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Joint Letter

Letter From NW Environmental Grantmakers

February 2009

Dear friends and colleagues:

Organizations like yours are our most important partners in efforts to protect and preserve our environment. Over the past few years, we have collectively defended bedrock environmental policies, forged relationships with unexpected allies, informed and inspired a new generation of activists, and proposed solutions to some of the vexing problems we face. In part because of these efforts, we now have the best opportunity in over a decade to make significant conservation gains. However, we also will need to partner through one of the most challenging situations in recent memory.

Unfortunately, the rapid and significant decline of our economy now presents us all with unprecedented challenges. We know that many of you are closely tracking the situation, but the latest statistics are worth repeating:

The Dow Jones industrial average fell nearly 34% in 2008, the worst year since 1931 when the country was in the midst of the Great Depression. The Standard & Poor’s 500, a broader index of market performance, dropped 45% from its peak in 2007. Investors in the market have lost nearly $7 trillion in equity.

The Standard & Poor’s Case-Shiller 20-city home price index has fallen a record 18.2% in the past year. Property values in the U.S. have declined by an estimated $2 trillion, leaving nearly 12 million households owing more on their mortgages than their homes are worth.

The U.S. lost 2.6 million jobs last year, more than in any year since 1945. In January, the Department of Labor reported that the number of Americans receiving unemployment benefits soared to its highest level since record-keeping started in 1967.

Those of us in the philanthropic sector are now grappling with the consequences of this economic disaster. According to the Council on Foundations, foundations have reported declines in asset values that average 28%. Since foundation grantmaking budgets are often tied to the value of investment portfolios, many decreased giving in 2008 and are decreasing giving further in 2009. Many corporate funders are also facing serious shortfalls resulting in decreased budgets available for charitable investments. Assuming the market doesn’t rebound, continued cuts to grant levels are also likely in 2010.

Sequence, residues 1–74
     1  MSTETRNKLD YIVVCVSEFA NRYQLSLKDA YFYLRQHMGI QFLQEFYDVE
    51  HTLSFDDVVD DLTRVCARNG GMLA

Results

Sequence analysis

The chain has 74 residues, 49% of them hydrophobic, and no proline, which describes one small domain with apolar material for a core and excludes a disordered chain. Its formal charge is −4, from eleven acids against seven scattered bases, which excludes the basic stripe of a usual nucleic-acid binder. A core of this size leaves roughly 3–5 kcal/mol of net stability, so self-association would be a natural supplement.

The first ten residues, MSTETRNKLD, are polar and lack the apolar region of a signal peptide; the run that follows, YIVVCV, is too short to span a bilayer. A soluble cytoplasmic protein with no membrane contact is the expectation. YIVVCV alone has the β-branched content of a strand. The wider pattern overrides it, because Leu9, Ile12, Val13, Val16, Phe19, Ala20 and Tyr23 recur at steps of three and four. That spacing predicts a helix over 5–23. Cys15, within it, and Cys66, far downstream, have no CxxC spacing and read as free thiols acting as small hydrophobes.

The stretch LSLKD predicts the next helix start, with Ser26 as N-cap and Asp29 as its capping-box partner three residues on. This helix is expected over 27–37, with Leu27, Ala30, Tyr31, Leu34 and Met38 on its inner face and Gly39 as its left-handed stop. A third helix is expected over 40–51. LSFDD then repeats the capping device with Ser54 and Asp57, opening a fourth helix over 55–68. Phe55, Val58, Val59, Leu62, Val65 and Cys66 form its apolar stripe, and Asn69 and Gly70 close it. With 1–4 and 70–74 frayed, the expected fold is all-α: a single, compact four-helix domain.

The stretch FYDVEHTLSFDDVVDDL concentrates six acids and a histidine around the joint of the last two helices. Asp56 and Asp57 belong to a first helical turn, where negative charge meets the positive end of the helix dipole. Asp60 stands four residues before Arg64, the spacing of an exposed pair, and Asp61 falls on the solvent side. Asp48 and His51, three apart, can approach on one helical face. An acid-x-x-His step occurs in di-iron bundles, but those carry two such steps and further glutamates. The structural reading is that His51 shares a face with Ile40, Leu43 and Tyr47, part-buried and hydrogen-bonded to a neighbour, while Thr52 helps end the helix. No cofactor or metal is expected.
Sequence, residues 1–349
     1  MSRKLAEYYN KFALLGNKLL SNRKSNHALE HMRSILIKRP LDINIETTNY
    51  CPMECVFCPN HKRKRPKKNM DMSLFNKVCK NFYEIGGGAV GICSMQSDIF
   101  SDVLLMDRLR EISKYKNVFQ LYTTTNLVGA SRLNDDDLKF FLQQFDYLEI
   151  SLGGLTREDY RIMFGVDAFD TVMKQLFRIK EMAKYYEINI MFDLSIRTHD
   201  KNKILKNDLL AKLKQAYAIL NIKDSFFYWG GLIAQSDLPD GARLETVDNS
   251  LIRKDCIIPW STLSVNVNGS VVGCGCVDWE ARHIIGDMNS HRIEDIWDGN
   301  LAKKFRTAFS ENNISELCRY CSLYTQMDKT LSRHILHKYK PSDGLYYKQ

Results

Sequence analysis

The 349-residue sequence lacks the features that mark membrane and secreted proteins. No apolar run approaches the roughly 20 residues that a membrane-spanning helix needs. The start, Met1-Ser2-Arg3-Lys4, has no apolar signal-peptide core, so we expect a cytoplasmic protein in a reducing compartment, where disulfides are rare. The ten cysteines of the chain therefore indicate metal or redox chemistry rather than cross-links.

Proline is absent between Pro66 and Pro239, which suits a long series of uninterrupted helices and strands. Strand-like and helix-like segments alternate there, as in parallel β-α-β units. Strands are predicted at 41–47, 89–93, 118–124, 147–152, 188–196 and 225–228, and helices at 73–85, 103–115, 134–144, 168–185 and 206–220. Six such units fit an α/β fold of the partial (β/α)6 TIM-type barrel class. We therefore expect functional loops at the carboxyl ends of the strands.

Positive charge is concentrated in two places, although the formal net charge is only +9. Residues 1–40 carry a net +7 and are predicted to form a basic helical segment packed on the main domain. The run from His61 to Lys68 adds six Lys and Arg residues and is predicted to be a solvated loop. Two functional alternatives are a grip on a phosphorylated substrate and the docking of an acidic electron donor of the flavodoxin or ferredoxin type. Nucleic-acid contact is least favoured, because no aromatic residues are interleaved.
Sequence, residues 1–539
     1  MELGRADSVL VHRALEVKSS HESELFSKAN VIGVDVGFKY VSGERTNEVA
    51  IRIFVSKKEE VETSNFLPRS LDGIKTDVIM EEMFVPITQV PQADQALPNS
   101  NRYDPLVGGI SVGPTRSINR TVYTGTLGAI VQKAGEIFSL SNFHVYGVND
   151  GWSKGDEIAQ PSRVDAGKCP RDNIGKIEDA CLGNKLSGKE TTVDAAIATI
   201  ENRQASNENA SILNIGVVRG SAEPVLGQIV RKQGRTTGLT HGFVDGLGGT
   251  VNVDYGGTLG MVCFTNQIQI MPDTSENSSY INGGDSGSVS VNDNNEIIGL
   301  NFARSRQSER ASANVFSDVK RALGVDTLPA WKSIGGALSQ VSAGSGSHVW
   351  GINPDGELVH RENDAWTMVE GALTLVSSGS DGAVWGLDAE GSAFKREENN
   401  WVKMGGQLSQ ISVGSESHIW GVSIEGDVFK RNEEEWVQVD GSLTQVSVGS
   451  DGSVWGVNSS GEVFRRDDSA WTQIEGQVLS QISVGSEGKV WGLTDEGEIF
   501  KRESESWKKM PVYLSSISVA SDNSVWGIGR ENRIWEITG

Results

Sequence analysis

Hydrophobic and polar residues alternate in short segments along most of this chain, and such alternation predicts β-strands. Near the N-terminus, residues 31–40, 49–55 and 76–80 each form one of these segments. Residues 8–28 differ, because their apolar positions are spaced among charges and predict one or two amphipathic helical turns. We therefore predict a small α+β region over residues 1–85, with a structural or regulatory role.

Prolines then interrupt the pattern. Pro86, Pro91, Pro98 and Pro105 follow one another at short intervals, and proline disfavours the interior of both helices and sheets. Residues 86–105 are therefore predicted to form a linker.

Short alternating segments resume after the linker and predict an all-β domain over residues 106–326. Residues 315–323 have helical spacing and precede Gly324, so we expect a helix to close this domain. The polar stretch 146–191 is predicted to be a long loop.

The impacts of this economic climate will be broad and deep, and the specific experiences of funders and the organizations they support will vary markedly.

What does this mean for your organization?

We can’t say for certain how many groups will face a significant crisis, but it’s an unfortunate fact that some organizations will not survive.

We also know that planning pays off. Recent experience shows us that organizations that act decisively to address and adjust their financial positions are the ones that suffer least. For example, the National Center for Charitable Statistics reports that the 2001 recession led to a decline in real contributions (adjusted for inflation) to environmental organizations that did not fully rebound until 2004. During that time, many organizations trimmed expenses, cut staff, tapped reserve funds, and/or eliminated programs. Some organizations merged.

The current recession, longer and more severe than the last, will cut deeper. Financial statements reviewed last year and early this year already show that some are experiencing dwindling cash reserves, meager unrestricted fund balances, and lower-than-budgeted revenue tallies. Other organizations are submitting organizational budgets that rely on increased giving from individuals and foundations to cover program expenses, anticipated support that may be based more on hope than sound planning.